Rooms

Two private room categories, but expect unstable electricity and slow-trickle solar showers; dorms also available

Private rooms feature authentic Fijian decor, including natural wood floors and furnishings (some with thatched roofs) and local textiles. Though there are no mini-fridges or air-conditioners, these rooms come with a fan, tea- and coffee-making facilities, and a bottle of water -- the water is supposed to be replaced each day but this is not always consistent. Windows do not have screens, but wooden slats open/close to keep light and bugs out through the night. Arrivals are welcomed with fresh flowers and rooms are cleaned daily. 

The Island Lodges are tucked in the gardens and have a king-size bed or two singles, an indoor shower, and a private deck -- some have hammocks. The pale yellow Bure Levus are traditional, stand-alone structures that have thatched roofs and hobbit-like doors that require bending down to get in. These also have private outdoor bathrooms; the walk-in showers and faucets, like the electricity, don't always seem to work, though (bottled water comes in handy). 

The Bure Lai Lai’s have a single bed but shared bathroom facilities. The dormitory is a two-story structure: the downstairs Tribal Dorm has 20 beds and the upstairs Aqua Dorm has 14 beds. Dorm beds have mosquito nets, and the rustic, shared bathroom facilities are next door. 

Features

Pretty beach and free water activities, plus a restaurant and bar, outdoor pool, spa, and cultural shows

This island has a big beach near the hub, along with rockier, more narrow beaches that can be accessed through sandy paths. Guests can explore the island, for instance to shell hunt, and staff will also give tours. The outdoor pool is not a notable feature, as it sits above ground and looks dated; while there's an adjacent hot tub and areas of shade, it lacks lounge chairs. Non-motorized water sports are free to borrow, and there are a few kid-friendly floats in the shallow part of the water. When day-trippers come to the island, a couple brings Segways, jet skis, and flyboards for visitors to rent.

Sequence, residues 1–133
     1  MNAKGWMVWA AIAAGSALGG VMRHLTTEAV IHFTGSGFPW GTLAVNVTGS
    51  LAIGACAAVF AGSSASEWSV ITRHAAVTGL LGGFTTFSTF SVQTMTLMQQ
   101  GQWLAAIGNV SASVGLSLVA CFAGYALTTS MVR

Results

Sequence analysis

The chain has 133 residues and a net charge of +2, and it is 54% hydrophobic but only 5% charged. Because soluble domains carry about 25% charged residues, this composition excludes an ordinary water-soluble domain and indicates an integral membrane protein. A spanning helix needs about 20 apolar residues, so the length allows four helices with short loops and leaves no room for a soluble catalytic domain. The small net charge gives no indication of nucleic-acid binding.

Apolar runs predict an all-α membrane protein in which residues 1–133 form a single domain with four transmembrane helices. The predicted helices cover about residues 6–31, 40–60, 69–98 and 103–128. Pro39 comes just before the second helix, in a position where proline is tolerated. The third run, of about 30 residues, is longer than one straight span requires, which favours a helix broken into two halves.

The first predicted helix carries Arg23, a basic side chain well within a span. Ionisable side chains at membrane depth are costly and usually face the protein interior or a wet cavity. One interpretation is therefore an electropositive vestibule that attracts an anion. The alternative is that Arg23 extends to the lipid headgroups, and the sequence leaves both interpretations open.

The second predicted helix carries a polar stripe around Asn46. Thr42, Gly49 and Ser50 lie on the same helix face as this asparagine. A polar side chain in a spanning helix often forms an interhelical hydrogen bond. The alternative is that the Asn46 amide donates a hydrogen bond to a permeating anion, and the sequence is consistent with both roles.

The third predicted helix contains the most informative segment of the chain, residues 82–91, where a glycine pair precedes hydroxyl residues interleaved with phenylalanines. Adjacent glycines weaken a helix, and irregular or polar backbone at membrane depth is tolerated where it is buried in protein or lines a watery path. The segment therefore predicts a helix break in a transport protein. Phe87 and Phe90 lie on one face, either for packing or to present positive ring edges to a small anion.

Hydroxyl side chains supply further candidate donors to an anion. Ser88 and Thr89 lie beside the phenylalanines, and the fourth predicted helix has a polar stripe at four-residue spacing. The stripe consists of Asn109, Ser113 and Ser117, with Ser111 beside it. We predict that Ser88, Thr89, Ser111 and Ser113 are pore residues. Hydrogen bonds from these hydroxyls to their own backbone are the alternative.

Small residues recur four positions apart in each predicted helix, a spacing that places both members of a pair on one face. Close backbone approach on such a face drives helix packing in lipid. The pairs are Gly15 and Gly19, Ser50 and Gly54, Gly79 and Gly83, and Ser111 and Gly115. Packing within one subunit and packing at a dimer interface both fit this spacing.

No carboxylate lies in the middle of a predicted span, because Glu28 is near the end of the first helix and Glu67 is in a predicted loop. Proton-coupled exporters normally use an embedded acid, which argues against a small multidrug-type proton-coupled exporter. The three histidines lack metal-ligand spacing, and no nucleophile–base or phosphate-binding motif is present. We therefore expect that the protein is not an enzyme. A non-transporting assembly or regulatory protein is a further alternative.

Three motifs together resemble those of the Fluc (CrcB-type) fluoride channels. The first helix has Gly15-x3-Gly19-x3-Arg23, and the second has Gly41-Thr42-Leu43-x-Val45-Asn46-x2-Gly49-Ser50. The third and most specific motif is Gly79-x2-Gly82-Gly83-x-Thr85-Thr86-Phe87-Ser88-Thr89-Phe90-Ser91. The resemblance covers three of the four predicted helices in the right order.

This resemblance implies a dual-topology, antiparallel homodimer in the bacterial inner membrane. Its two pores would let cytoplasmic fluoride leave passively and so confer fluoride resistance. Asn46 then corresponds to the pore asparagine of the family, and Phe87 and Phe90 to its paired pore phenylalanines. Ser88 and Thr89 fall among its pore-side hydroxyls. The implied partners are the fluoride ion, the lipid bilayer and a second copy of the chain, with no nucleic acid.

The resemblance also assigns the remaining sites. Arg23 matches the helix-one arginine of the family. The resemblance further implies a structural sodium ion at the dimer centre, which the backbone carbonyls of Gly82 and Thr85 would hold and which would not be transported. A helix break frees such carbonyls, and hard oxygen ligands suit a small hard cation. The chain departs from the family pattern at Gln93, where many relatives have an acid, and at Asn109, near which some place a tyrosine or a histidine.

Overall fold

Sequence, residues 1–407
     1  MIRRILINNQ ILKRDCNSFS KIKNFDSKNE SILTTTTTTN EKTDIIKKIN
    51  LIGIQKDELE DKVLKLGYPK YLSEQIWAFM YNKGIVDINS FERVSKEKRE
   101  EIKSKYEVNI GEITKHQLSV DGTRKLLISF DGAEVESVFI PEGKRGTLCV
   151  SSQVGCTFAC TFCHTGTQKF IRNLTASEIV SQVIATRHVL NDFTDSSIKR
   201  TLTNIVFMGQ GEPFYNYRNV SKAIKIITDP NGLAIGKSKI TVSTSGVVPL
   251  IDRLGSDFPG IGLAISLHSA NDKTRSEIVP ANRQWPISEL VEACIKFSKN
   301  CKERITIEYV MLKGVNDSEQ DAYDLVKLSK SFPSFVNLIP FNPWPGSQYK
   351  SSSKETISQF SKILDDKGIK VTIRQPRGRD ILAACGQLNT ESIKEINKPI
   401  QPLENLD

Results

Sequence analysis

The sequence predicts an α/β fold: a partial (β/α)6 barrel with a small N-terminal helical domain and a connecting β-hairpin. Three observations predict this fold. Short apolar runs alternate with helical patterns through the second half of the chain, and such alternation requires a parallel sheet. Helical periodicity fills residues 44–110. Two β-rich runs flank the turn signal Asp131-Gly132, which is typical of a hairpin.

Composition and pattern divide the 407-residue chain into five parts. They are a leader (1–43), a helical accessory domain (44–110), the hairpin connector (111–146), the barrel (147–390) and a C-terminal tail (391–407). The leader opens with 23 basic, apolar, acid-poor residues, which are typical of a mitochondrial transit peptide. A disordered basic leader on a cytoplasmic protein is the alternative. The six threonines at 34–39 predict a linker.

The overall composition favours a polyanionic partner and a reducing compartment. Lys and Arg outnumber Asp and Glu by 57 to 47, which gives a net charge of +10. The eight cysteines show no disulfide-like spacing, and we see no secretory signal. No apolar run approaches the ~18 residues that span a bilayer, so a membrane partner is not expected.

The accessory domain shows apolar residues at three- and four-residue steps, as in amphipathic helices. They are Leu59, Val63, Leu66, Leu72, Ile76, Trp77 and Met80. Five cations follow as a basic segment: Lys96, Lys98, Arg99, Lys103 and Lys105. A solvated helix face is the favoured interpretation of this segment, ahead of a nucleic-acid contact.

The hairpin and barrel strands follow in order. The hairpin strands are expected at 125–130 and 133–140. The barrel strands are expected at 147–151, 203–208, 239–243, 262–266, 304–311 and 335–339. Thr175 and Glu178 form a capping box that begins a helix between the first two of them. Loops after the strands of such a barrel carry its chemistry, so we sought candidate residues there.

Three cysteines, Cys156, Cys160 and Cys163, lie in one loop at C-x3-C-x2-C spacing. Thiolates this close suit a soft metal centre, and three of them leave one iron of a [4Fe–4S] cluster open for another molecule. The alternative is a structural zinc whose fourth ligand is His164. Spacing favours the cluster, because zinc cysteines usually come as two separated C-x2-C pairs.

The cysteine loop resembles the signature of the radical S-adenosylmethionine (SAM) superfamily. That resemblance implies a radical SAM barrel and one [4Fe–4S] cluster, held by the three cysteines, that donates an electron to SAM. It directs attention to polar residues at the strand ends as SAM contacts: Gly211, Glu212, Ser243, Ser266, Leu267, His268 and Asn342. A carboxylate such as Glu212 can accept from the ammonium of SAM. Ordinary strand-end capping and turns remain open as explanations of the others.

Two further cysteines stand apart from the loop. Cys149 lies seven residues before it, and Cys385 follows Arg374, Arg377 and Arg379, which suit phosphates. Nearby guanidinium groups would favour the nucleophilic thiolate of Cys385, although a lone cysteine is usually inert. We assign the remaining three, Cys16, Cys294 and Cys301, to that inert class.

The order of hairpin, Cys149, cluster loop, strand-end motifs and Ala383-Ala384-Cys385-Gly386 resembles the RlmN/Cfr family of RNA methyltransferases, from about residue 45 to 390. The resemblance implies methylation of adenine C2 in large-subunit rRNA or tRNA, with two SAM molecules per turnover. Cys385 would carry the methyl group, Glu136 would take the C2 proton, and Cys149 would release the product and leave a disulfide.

As for cultural activities, there are plenty per day, such as turtle feedings, crab races, cooking demonstrations, volleyball matches, wood carving, and kava ceremonies. Twice a week are the standout Polynesian shows featuring history lessons, traditional dancing from several islands in the South Pacific, and fire and knife performers who are truly outstanding.

Meals are simple, buffet-style presentations that might include traditional barbecue lovo with fresh fish caught from coral reefs, along with rice, sweet potatoes, fresh fruits, and vegetables from village suppliers. Alcoholic beverages are not included in the meal plan, but prices for beer, wine, and basic cocktails at the bar are reasonable. Water is not drinkable on the island so it's best to come stocked with a case.

There are indoor and outdoor massage areas, and guests may be given a free 15-minute massage on arrival. Wi-Fi is either very slim or not working at all -- in fact, sometimes the power is out for hours at a time. 

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Address

PO Box 2580, Nadi Airport, Fiji